American runner Weini Kelati’s Olympic journey from Eritrea to Paris is a childhood dream in the making


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By Raquel Coronell Uribe, NBC

Kelati, who sought asylum in the U.S. 10 years ago after traveling to Eugene, Oregon, to compete, will now represent the country in the Paris Games.

Weini Kelati celebrates after she won the women’s 10,000-meter final at the U.S. Olympic Team Trials in Eugene, Ore., on June 29 (Charlie Neibergall / AP).

Before Weini Kelati was running 10,000 meters to a finish line, she was running long distances to school in Eritrea.

Born in Tsada Christian, a small village in the central region of Eritrea, Kelati, 27, said it wasn’t unusual for kids to walk four to five hours to get to school every day — or to run, if they were tardy.

Running would eventually take her far beyond the African country to Oregon, where her journey to become an American Olympian started 10 years ago and where that dream was cemented last month with a first-place finish at the U.S. Olympic Team Trials. 

Kelati’s father died when she was young, and she watched her mother struggle to raise her family. She knew she wanted to help her, but the “how” didn’t become clear until middle school.”In sixth grade I was in a PE class and sitting down and watching what everybody was doing,” Kelati said. “And my teacher comes to me and he said, ‘You need to run because that’s how you earn grade.'”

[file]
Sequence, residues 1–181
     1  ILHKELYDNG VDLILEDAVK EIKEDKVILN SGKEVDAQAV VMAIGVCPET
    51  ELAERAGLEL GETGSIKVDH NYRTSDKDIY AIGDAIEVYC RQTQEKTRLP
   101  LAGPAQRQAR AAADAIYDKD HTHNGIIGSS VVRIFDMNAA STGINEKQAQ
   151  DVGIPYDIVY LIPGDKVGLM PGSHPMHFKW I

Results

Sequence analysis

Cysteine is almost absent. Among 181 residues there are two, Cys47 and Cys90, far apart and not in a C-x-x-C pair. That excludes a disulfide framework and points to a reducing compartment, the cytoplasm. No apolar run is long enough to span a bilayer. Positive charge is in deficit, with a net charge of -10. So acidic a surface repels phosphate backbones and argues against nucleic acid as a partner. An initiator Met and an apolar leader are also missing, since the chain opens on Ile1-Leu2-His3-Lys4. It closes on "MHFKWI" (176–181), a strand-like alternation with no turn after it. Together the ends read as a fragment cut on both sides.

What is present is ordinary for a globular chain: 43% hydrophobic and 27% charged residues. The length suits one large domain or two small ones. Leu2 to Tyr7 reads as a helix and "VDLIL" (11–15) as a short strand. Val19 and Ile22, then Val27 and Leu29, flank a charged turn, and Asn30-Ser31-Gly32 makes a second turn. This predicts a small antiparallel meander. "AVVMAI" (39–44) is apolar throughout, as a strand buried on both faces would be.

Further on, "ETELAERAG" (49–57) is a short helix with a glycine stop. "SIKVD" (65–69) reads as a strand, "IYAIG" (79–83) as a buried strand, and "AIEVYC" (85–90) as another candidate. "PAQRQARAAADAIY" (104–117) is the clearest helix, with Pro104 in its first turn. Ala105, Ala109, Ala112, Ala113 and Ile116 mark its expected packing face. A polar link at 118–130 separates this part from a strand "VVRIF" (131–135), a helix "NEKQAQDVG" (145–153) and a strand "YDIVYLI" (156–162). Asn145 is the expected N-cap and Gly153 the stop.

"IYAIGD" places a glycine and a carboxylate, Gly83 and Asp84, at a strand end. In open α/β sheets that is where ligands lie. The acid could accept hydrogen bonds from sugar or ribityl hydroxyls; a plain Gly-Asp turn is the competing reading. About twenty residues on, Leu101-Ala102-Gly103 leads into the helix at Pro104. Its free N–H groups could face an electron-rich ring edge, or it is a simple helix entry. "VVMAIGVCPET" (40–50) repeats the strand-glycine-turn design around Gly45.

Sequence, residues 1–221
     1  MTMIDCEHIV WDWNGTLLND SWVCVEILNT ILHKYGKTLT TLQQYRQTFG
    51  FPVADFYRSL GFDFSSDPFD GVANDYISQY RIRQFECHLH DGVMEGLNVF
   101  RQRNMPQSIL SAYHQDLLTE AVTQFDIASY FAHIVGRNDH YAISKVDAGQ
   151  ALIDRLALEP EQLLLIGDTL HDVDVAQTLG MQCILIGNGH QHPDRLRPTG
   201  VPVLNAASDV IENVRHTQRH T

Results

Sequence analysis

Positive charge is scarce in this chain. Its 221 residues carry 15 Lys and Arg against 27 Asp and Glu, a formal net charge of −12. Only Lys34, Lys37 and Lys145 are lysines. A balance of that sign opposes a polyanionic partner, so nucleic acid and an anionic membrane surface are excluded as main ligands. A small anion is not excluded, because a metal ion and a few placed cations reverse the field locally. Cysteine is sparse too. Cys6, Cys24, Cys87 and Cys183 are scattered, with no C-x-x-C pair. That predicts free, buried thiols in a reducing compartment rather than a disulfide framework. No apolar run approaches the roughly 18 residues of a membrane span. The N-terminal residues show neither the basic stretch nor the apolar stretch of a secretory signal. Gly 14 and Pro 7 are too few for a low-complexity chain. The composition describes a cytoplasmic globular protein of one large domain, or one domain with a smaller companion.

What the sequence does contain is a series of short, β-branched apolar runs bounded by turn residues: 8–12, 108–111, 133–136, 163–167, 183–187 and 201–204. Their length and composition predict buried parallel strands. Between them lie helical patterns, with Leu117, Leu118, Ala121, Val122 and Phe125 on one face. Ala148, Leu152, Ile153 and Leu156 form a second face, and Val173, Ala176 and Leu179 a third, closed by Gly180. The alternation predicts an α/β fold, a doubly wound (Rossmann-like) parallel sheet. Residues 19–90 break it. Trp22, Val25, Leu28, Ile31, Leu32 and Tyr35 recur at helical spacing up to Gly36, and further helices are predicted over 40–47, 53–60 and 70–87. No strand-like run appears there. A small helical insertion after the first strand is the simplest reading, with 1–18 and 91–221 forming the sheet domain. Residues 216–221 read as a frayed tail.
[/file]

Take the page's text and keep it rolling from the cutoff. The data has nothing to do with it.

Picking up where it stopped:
Kelati was confused — after all, she had run to school earlier that day and was sore. But her coach told Kelati to run as fast as she could, and she uncovered a hidden talent, outrunning her classmates and even older kids.

Kelati started competing, but to her, the sport was always about more than just winning a medal or getting on a podium. It was a way to help her family.

“Even though the life I had was a very hard one, she wanted me to stay close to her,” Kelati said of her mother. “She was just like: ‘It doesn’t matter. If we didn’t have anything, I just wanted you to be with me.'”

Eritrea gained its independence four years before Kelati was born, after a decadeslong war with Ethiopia. It is one of the least developed countries in the world, according to the United Nations, and one of the most repressive, restricting freedom of expression, opinion and faith, according to Human Rights Watch. The country has never held elections.

Kelati said that when her running prowess took her to the World Junior Championships in Eugene, Oregon, in 2014, she saw an opportunity to stay in the U.S. and help her family from abroad. Afraid of being stopped, she didn’t tell anyone about her intentions.

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